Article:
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Normally, C requires that a binary operator's operands are promoted to the type of the higher-ranking operand. This can be exploited to avoid filling code with verbose casts, for example:

if (x-48U<10) ...
y = x+0ULL << 40;


However, I've found that, at least with gcc, this behavior does not work for bitshifts. I.e.

int x = 1;
unsigned long long y = x << 32ULL;

I would expect the type of the right-hand operand to cause the left-hand operand to be promoted to unsigned long long so that the shift succeeds. But instead, gcc prints a warning:

warning: left shift count >= width of type

Is gcc broken, or does the standard make some exception to the type promotion rules for bitshifts?

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Will it promote anyway, regardless of the warning? (it is just a warning, after all). –  Robert Harvey Aug 14 '10 at 6:14
Couldn't you just use a short macro to produce the verbose cast? Like #define ULL(x) ((unsigned long long)x)? –  Borealid Aug 14 '10 at 6:16
@Robert: No, it produces a no-op, as if I had written plain <<32. @Borealid: Yes I could, but I like writing code that can be copy-and-pasted anywhere (e.g. other projects) without requiring extra defines/headers. I hate things like typedef unsigned int uint;. –  R.. Aug 14 '10 at 6:21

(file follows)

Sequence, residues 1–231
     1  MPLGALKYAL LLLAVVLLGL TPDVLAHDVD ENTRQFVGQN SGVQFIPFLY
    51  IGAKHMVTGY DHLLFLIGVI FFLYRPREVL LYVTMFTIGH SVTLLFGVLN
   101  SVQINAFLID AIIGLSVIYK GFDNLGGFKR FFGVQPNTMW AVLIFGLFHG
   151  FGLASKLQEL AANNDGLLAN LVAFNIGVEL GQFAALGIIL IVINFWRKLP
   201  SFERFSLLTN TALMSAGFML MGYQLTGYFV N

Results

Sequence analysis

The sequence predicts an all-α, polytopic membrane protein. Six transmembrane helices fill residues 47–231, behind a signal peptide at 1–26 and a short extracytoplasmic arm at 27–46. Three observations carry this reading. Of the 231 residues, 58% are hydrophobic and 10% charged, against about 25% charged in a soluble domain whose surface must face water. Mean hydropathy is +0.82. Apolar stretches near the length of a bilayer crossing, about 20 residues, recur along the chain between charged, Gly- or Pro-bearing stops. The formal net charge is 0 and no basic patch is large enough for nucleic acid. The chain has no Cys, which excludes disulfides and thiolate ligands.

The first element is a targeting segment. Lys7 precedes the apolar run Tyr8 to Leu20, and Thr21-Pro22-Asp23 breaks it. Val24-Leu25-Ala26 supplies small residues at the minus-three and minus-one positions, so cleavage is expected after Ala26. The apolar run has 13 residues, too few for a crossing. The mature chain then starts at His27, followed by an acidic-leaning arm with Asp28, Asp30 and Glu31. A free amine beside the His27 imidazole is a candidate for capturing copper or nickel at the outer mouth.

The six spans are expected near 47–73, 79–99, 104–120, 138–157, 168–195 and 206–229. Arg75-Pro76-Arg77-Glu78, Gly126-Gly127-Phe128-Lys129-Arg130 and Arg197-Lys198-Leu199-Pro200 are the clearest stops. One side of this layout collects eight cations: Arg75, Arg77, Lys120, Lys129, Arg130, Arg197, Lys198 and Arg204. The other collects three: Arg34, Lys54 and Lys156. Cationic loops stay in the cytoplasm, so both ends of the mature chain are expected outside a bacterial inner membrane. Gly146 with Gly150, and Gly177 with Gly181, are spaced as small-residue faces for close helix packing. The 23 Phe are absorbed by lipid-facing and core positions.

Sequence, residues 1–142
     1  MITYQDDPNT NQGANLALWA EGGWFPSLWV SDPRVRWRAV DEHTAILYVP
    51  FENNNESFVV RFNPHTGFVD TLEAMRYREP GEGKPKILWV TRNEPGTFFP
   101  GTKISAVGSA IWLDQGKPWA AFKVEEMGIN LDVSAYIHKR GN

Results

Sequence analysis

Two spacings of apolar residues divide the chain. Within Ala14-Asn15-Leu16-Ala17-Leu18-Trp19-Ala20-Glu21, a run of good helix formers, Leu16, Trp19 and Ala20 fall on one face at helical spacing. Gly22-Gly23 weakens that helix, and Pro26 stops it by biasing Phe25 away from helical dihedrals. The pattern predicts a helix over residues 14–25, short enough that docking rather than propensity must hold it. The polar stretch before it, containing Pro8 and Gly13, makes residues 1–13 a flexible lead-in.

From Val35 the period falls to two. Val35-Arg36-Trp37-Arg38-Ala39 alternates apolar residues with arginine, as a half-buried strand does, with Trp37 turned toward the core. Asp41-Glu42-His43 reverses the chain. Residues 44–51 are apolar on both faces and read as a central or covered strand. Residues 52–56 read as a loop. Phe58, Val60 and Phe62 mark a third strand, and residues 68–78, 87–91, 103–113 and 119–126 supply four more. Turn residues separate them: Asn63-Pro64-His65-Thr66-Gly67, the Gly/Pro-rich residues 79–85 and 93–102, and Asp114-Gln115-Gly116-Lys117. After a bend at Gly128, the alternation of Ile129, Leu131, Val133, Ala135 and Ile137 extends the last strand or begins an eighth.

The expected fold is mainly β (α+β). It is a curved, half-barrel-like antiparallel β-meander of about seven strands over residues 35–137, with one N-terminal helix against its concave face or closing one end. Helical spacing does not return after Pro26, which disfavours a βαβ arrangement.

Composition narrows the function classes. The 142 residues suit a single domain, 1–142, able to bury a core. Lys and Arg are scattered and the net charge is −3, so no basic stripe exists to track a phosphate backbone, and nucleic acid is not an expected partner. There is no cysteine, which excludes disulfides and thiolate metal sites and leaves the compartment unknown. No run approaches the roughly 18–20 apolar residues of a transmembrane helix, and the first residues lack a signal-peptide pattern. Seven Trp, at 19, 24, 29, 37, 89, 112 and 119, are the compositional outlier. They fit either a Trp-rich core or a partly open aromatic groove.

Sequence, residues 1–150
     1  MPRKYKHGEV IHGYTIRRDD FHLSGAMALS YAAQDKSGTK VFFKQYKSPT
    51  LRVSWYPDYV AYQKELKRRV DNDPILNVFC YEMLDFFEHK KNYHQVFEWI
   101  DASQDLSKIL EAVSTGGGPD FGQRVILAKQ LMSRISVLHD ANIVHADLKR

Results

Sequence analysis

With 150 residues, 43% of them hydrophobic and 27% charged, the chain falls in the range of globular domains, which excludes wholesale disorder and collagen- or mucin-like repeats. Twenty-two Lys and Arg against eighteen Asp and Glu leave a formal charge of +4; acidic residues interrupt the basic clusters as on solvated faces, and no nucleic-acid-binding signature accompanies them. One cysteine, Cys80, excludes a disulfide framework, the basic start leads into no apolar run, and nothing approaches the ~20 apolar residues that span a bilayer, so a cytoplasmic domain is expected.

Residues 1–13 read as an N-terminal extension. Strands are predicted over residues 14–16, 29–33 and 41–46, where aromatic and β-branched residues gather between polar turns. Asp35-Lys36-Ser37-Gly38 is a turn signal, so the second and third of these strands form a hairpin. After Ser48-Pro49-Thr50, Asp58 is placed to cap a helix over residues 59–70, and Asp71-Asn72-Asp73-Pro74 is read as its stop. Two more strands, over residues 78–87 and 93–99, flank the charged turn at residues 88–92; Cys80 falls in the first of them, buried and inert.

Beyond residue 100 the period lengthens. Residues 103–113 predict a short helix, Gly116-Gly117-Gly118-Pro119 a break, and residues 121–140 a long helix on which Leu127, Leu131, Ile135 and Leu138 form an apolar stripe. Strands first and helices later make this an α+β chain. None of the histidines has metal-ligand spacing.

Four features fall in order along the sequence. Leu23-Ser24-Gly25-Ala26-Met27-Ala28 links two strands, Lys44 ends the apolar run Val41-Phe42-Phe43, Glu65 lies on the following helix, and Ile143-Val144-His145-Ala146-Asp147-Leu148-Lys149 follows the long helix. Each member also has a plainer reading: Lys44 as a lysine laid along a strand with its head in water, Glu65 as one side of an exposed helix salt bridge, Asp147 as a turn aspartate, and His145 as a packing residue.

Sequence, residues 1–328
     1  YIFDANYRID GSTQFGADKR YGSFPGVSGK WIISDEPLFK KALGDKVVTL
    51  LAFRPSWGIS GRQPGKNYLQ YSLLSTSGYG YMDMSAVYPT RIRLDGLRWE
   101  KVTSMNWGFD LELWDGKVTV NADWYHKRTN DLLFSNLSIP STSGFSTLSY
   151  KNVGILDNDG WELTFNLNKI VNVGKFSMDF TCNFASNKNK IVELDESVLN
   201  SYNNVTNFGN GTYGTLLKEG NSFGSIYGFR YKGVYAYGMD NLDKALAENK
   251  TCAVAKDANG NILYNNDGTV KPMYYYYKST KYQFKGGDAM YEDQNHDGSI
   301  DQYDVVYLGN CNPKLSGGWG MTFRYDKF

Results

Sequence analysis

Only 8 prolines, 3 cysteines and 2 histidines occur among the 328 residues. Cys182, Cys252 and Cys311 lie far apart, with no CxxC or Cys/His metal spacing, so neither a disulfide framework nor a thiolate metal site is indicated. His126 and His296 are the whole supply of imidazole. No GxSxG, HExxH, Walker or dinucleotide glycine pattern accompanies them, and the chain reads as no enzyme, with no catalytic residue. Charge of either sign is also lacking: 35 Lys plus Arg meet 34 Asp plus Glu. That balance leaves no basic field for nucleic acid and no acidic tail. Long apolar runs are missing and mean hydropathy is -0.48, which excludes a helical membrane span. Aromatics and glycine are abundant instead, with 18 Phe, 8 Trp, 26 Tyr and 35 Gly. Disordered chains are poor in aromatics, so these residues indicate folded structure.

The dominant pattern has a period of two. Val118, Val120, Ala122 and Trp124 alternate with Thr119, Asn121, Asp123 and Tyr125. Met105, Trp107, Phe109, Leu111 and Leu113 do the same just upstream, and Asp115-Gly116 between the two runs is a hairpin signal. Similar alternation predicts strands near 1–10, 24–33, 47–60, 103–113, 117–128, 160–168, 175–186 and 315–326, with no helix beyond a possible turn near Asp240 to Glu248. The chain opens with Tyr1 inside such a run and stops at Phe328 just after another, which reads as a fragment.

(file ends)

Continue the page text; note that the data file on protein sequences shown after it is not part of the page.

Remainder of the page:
@R..: About the typedef you've got there, see stdint.h. uint64_t is a 64-bit unsigned value. That's portable to most every platform. –  Borealid Aug 14 '10 at 6:24
@R.., I'm reasonably sure I just read something about this in the C99 rational document the other day. My recollection is that they deliberately chose to make the LHS participate in integer promotion, but not the RHS because the value on the RHS can only be as large as the number of bits in the type to its left without getting into undefined behavior. –  RBerteig Aug 14 '10 at 7:16

2 Answers 2

up vote 17 down vote accepted

The so-called usual arithmetic conversions apply to many binary operators, but not all of them. For example they do not apply to the bit shift operators, &&, ||, comma operator, and assignment operators. This is the rule for the bit shift operators:

6.5.7 ... 3 Semantics ...
The integer promotions are performed on each of the operands. The type of the result is that of the promoted left operand. If the value of the right operand is negative or is greater than or equal to the width of the promoted left operand, the behavior is undefined.

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Thank you, this is what I was looking for. –  R.. Aug 14 '10 at 7:22

The trouble really is that promotion only works up to whatever your platform defines as an int. As some other answers have stated, the bit-shift operator will promote the left operand to an int. However, here an int is defined as a 32-bit value. The integer conversion will not promote to a long long (64-bit).

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